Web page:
This memorandum is intended for general information only and should not be used or considered as a detailed exposition of the law. It is aimed at helping the reader to understand the general outline of the law. This memorandum is not to be used as a substitute for professional advice, which should be sought in each case.

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Notwithstanding that Gibraltar is part of the EU provisions relating

force in Gibraltar […] subject to such modifications thereto as such

to the Community Customs Territory, free movement of goods,

circumstances may require”.

Common Commercial Policy, Common Agricultural and Fisheries Policies and harmonization of turnover taxes do not apply to Gibraltar.

According to the English Law (Application) Act the common law and rules of equity may themselves be modified or excluded by: (a)

Any Order of Her Majesty in Council which applies to Gibraltar;


Gibraltar Constitution

Any Act of Parliament at Westminster which applies to Gibraltar or applies by express or necessary implication

On the 30 November 2006 the people of Gibraltar voted, and (c)

accepted, a proposed Constitution (the 2006 Constitution). This new Constitution replaces the 1969 Constitution. Formally, the mechanism by which the 2006 Constitution takes effect is an Order in Council and on the 14 December 2006 Her

Any Act (made by the Legislature or Governor).

The Act also provides that where the common law and the rules of equity are at variance, the rules of equity prevail. This reflects the position within the UK.

Majesty in Council made such an order „the Gibraltar Constitution Order 2006‟. That Order provided that the Gibraltar Constitution was to come into effect on the date of publication in the Gibraltar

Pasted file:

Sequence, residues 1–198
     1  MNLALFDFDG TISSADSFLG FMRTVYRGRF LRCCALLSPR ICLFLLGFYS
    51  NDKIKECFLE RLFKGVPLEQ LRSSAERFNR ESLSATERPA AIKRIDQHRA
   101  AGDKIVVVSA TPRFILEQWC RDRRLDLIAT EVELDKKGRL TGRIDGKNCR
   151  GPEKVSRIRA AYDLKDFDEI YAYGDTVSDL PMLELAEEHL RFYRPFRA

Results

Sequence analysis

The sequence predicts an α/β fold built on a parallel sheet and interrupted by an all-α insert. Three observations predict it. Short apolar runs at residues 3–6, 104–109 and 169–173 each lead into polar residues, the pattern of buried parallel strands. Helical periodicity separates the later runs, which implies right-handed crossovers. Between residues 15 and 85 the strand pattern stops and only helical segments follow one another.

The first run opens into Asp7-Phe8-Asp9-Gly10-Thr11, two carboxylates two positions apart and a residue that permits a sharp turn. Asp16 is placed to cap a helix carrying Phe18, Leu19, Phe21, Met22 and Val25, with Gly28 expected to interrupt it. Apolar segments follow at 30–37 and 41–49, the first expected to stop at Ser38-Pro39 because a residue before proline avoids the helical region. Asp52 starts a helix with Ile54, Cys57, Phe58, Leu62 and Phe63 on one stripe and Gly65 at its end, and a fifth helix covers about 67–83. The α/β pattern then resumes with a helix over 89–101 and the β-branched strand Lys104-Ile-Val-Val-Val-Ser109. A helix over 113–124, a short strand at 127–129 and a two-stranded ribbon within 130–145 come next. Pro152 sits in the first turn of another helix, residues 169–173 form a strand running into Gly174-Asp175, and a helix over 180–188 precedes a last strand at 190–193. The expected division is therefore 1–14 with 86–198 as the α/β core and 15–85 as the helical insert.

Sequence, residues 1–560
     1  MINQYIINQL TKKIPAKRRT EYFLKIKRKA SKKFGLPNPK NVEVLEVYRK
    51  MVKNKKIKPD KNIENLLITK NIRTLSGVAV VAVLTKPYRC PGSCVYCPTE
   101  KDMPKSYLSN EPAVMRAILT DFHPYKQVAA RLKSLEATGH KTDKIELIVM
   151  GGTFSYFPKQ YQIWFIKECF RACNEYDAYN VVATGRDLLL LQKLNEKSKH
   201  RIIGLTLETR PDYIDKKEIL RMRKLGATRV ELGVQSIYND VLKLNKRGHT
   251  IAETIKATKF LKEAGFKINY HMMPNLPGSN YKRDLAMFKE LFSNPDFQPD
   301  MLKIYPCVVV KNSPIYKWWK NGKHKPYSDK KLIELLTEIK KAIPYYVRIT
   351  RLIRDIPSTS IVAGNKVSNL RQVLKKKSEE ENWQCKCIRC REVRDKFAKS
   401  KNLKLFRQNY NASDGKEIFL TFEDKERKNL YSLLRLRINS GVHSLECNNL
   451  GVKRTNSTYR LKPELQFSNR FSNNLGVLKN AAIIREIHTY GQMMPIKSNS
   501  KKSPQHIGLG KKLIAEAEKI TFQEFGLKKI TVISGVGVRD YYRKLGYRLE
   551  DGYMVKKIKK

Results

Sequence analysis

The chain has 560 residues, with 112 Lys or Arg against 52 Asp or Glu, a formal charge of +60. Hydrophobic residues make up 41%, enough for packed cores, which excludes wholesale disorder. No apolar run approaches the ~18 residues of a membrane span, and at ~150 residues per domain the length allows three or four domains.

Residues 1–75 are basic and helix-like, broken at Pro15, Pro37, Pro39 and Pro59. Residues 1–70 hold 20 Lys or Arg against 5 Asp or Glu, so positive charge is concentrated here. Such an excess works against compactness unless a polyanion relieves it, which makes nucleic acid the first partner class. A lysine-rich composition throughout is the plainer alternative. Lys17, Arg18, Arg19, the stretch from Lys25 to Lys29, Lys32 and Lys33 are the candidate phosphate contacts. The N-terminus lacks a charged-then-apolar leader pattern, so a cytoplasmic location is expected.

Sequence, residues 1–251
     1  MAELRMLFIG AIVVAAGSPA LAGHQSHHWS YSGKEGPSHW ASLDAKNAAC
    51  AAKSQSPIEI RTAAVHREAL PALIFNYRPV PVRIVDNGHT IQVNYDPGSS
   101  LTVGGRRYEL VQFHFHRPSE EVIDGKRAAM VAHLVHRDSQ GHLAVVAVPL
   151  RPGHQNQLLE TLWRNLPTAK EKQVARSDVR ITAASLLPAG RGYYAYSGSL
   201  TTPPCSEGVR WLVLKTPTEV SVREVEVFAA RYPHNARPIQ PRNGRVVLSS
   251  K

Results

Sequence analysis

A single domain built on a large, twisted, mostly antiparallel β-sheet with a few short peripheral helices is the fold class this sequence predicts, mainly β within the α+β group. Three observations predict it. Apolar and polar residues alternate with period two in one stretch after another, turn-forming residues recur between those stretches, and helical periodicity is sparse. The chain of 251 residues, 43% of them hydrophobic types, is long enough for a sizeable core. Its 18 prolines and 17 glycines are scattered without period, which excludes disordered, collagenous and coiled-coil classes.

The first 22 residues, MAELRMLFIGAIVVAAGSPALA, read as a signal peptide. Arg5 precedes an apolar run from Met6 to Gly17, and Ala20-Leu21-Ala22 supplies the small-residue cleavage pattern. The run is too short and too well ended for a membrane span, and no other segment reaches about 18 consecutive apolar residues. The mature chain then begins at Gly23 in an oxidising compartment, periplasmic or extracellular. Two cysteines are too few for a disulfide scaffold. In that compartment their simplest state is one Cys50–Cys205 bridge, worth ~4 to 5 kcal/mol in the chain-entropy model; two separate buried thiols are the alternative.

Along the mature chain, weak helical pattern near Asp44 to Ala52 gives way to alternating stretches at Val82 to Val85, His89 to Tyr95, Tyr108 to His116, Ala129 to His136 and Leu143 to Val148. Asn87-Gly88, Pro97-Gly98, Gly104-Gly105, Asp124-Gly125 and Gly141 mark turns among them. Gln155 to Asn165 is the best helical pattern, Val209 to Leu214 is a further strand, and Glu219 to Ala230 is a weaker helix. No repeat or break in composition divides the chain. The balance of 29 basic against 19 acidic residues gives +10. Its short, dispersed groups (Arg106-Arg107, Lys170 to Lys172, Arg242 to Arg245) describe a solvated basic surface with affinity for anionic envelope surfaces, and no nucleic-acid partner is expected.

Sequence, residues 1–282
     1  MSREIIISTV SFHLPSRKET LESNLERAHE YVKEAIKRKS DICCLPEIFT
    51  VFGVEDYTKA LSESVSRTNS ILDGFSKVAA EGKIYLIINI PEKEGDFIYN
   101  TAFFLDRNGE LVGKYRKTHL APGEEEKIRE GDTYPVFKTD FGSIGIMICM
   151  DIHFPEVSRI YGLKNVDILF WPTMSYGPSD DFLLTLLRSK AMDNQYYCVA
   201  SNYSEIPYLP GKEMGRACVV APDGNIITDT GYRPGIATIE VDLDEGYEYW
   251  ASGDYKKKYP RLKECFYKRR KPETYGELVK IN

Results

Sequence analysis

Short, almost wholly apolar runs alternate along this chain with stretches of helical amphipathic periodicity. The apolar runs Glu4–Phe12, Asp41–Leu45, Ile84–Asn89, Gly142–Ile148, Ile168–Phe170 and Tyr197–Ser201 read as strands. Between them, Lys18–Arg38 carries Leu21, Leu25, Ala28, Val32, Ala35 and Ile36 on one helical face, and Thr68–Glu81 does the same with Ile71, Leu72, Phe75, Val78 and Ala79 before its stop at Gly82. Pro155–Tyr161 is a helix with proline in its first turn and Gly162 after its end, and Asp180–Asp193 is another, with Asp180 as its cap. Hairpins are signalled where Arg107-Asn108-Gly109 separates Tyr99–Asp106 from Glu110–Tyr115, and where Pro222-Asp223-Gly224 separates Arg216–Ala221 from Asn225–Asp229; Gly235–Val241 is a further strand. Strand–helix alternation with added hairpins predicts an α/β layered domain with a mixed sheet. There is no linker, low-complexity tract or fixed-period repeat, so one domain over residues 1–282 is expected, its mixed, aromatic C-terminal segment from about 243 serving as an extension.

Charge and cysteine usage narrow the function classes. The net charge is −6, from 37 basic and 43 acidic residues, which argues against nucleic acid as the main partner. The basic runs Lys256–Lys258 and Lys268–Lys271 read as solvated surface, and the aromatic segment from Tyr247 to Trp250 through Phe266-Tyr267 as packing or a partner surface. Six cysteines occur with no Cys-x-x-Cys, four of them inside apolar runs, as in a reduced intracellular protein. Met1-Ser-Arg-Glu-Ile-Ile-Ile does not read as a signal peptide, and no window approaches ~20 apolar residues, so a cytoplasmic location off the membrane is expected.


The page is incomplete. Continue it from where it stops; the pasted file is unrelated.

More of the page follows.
English Acts

Gazette. The English Law (Application) Act (the “Application Act”) applies Thus on the 28 December 2006 the Constitution took effect.

certain laws of England to Gibraltar. These English Acts are listed in the schedule to the Act. By express provision these Acts continue to apply in Gibraltar notwithstanding that they may have

Gibraltar Legislature

been repealed by the Parliament at Westminster. There are approximately 109 English Acts applied to Gibraltar under the

Under section 24 of the Constitution it is provided that there shall

Application Act, in whole or in part, and they stem from the whole

be a Legislature for Gibraltar. The Legislature consists of Her

history of England (covering the period 1267 – 1972).

Majesty and the Gibraltar Parliament. Subject to the provisions of the Constitution the Legislature is empowered to make “laws for

The English Law (Application) Act also goes on to list other Acts

the peace, order and good government of Gibraltar”.

which have been applied to Gibraltar by Order in Council, and Acts of Parliament at Westminster that have been disapplied to Gibraltar

Subject to a general exception (below) the process of making laws

since 1962. These lists are detailed in appendices to the Act,

is by bills passed by the Parliament and assent by the Governor or

however, neither list is authorative, and as the notes make clear:

Her Majesty. The laws made by the Legislature are styled “Acts”

the lists are published for convenience only.

and the Legislature is specifically empowered to make retrospective laws and delayed effect laws. Although no law made by the Legislature may come into operation until it has been published in the Gazette.

These are not the only English Acts that Gibraltar applies, and, as stated earlier, Parliament at Westminster may apply legislation to Gibraltar5.

The general exception (referred to above) is that the Governor posses special legislative powers on certain areas of responsibility (including external affairs, defence, internal security etc) and he may enact legislation unilaterally, in certain circumstances.

EU Legislation The EU is able to formulate three types of binding instrument: regulations, directives, and decisions.

Common Law Common Law & Equity Under the English Law (Application) Act the “common law and the rules of equity from time to time in force in England shall be in